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Cybercriminals are increasingly exploiting vulnerabilities in Windows Print Spooler
Kaspersky researchers have revealed that the number of attacks exploiting numerous vulnerabilities in Windows Print Spooler have risen noticeably over the past four months. While Microsoft regularly releases patches for its Print Spooler, a software that manages the printing process, cybercriminals continue to actively exploit its vulnerabilities giving them the opportunity to distribute and install malicious programs on victims' computers that can steal stored data.

Over the past year, various vulnerabilities in Windows Print Spooler have been discovered. By abusing them, cybercriminals have been able to take control of servers and victims' machines, even without a special admin access.

The most well-known vulnerabilities are CVE-2021-1675 and CVE-2021-34527 (aka PrintNightmare), which were discovered in late June 2021. PrintNightmare was accidentally published by researchers as a proof of concept (PoC) exploit for a critical Windows Print Spooler vulnerability. The exploit was quickly removed from GitHub, however, some users had already managed to download it and then republished it. In late April 2022, a highly severe vulnerability (tracked as CVE-2022-22718) was also discovered in Windows Print Spooler. Microsoft had already issued a patch against this threat but the attackers were still able to exploit this vulnerability and gain access to corporate resources.

Kaspersky researchers discovered that cybercriminals made approximately 65,000 attacks between July 2021 and April 2022. Moreover, Kaspersky experts detected that roughly 31,000 of these hits occurred during the last four months, from January to April. This suggests that vulnerabilities in Windows Print Spooler remain a popular attack route for cybercriminals, which means users need to be aware of any patches and fixes that Microsoft releases.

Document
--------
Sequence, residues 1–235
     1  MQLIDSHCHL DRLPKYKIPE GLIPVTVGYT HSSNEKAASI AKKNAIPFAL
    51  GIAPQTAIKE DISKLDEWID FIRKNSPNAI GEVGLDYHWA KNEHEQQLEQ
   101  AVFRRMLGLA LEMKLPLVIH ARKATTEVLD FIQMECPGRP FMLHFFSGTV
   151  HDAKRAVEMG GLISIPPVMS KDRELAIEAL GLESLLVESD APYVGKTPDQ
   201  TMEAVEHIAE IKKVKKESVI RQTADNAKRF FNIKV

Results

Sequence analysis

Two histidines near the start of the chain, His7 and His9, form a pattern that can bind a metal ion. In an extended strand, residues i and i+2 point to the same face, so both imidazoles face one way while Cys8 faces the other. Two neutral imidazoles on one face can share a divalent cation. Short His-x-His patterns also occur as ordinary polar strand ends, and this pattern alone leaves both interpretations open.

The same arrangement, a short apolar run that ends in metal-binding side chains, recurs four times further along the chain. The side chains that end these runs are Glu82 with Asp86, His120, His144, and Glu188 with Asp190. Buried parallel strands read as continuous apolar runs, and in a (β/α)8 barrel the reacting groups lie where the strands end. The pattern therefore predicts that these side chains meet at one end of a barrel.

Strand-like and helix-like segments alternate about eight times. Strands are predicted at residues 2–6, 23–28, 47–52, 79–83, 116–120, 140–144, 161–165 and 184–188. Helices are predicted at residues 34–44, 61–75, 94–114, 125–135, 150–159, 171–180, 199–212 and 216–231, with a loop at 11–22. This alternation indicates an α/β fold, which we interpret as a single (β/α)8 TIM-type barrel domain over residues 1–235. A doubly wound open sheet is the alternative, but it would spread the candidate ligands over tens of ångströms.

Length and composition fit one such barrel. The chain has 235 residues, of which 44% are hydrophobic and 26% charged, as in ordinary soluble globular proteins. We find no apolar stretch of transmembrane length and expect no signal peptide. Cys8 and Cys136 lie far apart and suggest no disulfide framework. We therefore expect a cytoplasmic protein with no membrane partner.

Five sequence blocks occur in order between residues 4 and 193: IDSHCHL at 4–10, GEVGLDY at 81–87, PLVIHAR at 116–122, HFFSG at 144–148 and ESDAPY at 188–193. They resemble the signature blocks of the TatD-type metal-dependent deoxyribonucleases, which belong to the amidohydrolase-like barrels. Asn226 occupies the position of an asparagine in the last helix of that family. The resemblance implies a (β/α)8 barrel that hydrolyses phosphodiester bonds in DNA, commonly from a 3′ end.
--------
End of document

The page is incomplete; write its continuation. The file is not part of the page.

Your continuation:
The exploitation of vulnerabilities in Windows Print Spooler has hit numerous countries with the number of overall attacks still growing. From July 2021 to April 2022, nearly a quarter of detected hits came from Italy. After Italy, users in Turkey and South Korea were the most actively attacked. Kaspersky researchers also discovered that over the past four months attackers were most active in Austria, France and Slovenia.

"Windows Print Spooler vulnerabilities are a hotbed for emerging new threats," said Alexey Kulaev, security researcher at Kaspersky. "We anticipate a growing number of exploitation attempts to gain access to resources within corporate networks, accompanied by a high-risk of ransomware infection and data theft. Through some of these vulnerabilities, attackers can gain access not only to victims' data but also to the whole corporate server. Therefore, it is strongly recommended that users follow Microsoft's guidelines and apply the latest Windows security updates."

To protect yourself from cybercriminals' attacks through vulnerabilities in the Windows Print Spooler, Kaspersky recommends:

  • Installing patches for new vulnerabilities as soon as possible. Once downloaded, threat actors can no longer abuse the vulnerability.
  • Performing a regular security audit of your organization's IT infrastructure to reveal any gaps and vulnerable systems.
  • Using a protection solution for endpoints and mail servers with anti-phishing capabilities to decrease the chance of infection through phishing attempts.
  • Using dedicated services that can help fight against high-profile attacks. The Kaspersky Managed Detection and Response service can help identify and stop attacks in their early stages, before attackers achieve their goals.
  • Installing anti-APT and EDR solutions, enabling threat discovery and detection, along with investigation and timely remediation of incidents' capabilities. Provide your SOC team with access to the latest threat intelligence and regularly upskill them with professional training. All of the above is available within the Kaspersky Expert Security framework.
Published Tuesday, May 10, 2022 10:40 AM by David Marshall
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